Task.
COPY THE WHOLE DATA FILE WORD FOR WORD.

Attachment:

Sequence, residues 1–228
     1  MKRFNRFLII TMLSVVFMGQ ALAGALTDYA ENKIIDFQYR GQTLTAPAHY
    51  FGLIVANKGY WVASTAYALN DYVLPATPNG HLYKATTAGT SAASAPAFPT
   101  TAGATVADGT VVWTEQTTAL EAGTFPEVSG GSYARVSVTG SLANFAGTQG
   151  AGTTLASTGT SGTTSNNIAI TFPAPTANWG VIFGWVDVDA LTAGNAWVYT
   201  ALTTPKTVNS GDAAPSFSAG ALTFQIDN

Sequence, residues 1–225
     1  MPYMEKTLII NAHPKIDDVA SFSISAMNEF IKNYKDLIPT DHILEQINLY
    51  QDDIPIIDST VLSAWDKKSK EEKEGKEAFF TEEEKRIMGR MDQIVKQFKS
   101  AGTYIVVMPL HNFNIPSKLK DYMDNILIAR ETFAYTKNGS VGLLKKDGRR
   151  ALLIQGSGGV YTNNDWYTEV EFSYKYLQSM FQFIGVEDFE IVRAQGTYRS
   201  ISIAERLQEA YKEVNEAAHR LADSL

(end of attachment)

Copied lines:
Sequence, residues 1–228
     1  MKRFNRFLII TMLSVVFMGQ ALAGALTDYA ENKIIDFQYR GQTLTAPAHY
    51  FGLIVANKGY WVASTAYALN DYVLPATPNG HLYKATTAGT SAASAPAFPT
   101  TAGATVADGT VVWTEQTTAL EAGTFPEVSG GSYARVSVTG SLANFAGTQG
   151  AGTTLASTGT SGTTSNNIAI TFPAPTANWG VIFGWVDVDA LTAGNAWVYT
   201  ALTTPKTVNS GDAAPSFSAG ALTFQIDN

Sequence, residues 1–225
     1  MPYMEKTLII NAHPKIDDVA SFSISAMNEF IKNYKDLIPT DHILEQINLY
    51  QDDIPIIDST VLSAWDKKSK EEKEGKEAFF TEEEKRIMGR MDQIVKQFKS
   101  AGTYIVVMPL HNFNIPSKLK DYMDNILIAR ETFAYTKNGS VGLLKKDGRR
   151  ALLIQGSGGV YTNNDWYTEV EFSYKYLQSM FQFIGVEDFE IVRAQGTYRS
   201  ISIAERLQEA YKEVNEAAHR LADSL